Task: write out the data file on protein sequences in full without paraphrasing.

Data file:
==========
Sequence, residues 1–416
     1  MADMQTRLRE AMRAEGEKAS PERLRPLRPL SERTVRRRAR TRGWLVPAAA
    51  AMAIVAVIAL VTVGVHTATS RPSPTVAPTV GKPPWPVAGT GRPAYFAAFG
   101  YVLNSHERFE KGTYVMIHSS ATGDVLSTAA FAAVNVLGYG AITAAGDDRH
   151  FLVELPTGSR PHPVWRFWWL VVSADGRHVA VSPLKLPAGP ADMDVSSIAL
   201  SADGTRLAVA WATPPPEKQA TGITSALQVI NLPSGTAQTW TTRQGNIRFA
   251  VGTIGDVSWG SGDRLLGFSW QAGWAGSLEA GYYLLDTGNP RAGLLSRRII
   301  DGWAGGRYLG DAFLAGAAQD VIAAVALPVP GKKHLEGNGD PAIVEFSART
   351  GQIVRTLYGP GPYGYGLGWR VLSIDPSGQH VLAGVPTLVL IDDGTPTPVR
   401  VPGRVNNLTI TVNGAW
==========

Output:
Sequence, residues 1–416
     1  MADMQTRLRE AMRAEGEKAS PERLRPLRPL SERTVRRRAR TRGWLVPAAA
    51  AMAIVAVIAL VTVGVHTATS RPSPTVAPTV GKPPWPVAGT GRPAYFAAFG
   101  YVLNSHERFE KGTYVMIHSS ATGDVLSTAA FAAVNVLGYG AITAAGDDRH
   151  FLVELPTGSR PHPVWRFWWL VVSADGRHVA VSPLKLPAGP ADMDVSSIAL
   201  SADGTRLAVA WATPPPEKQA TGITSALQVI NLPSGTAQTW TTRQGNIRFA
   251  VGTIGDVSWG SGDRLLGFSW QAGWAGSLEA GYYLLDTGNP RAGLLSRRII
   301  DGWAGGRYLG DAFLAGAAQD VIAAVALPVP GKKHLEGNGD PAIVEFSART
   351  GQIVRTLYGP GPYGYGLGWR VLSIDPSGQH VLAGVPTLVL IDDGTPTPVR
   401  VPGRVNNLTI TVNGAW